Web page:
To achieve perfect alignment, operations often have to be repeated several times, costing the NHS an average of £60,000 per patient a year. In up to ten cases a week, repeated surgery fails, leaving amputation as the only option.
The new technique, developed by a team led by Professor Anan Shetty, director of stem-cell research at Canterbury Christ Church University in Kent, uses a combination of 3D printing and stem-cell therapy.
Doctors take a special type of CT scan of the bone from several angles, which is then used to create a 3D model of the limb on a computer. Often, new bone has grown that needs to be removed, after which a plate is used to fix the bone into the correct position.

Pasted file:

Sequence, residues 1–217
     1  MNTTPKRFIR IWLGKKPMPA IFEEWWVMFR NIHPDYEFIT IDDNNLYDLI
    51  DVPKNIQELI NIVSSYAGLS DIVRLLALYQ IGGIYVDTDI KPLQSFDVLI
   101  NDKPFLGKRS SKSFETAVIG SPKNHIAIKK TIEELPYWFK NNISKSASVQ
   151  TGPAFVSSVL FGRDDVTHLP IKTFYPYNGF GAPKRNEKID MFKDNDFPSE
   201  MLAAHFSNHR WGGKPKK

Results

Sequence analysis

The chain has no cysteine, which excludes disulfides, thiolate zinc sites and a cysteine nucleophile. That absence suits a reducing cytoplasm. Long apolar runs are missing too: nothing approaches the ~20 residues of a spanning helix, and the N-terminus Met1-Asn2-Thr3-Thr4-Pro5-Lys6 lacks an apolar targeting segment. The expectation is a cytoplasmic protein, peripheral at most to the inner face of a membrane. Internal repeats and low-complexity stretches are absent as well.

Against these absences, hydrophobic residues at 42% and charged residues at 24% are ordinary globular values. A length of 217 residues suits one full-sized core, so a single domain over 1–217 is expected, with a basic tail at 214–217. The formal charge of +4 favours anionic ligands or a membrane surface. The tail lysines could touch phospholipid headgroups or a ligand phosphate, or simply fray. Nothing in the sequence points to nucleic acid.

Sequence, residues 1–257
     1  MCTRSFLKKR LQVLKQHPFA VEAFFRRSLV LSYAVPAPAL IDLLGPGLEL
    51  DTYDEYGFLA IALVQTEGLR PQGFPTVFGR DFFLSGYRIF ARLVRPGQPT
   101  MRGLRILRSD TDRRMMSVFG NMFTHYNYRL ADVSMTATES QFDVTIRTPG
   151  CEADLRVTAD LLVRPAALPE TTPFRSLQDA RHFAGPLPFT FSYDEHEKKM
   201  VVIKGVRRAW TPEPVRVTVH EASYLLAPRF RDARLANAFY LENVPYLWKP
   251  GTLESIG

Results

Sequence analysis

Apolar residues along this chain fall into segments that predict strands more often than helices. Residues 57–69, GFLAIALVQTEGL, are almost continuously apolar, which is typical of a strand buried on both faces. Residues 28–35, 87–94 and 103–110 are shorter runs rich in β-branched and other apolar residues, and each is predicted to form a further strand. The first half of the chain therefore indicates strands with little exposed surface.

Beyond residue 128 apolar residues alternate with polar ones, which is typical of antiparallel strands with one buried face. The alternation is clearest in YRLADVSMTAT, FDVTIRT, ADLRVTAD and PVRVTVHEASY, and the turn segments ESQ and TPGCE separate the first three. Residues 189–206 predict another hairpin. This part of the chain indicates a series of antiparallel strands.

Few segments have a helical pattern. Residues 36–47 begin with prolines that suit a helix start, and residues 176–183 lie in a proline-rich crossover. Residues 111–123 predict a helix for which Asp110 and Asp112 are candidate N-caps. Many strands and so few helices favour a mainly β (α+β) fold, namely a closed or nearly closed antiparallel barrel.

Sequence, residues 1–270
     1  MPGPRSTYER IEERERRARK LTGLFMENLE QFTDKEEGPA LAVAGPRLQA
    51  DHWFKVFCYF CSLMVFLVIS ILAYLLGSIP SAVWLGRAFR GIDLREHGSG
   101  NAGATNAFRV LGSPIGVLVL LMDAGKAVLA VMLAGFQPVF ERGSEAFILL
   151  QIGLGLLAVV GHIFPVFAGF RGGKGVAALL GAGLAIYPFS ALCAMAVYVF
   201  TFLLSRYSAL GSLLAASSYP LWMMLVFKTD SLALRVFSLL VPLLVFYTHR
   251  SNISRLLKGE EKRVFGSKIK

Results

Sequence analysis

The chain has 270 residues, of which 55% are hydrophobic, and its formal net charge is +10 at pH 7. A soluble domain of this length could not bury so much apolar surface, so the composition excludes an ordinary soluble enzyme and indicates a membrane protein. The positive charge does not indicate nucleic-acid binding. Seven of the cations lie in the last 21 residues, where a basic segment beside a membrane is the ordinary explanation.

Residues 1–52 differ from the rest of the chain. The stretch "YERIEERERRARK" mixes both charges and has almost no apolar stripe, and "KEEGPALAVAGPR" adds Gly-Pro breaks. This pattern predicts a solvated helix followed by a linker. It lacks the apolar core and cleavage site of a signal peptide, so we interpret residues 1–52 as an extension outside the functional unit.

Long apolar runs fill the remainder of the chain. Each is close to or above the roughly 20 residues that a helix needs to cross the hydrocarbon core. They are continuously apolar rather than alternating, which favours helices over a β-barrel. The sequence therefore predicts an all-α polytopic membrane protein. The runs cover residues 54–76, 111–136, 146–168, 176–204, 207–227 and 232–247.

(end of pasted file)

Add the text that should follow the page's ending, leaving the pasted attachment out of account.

Surgeons plan how the operation will be carried out beforehand and what the bone will look like after surgery on the computer screen. A life-size model of the bone post-operation is created using a 3D printer – a special machine that creates ‘sculptures’ by building up thousands of wafer-thin layers of plastic. The team uses this to prepare the steel plate that will hold the bone in place while it heals.
By Carol Davis | Daily Mail (UK)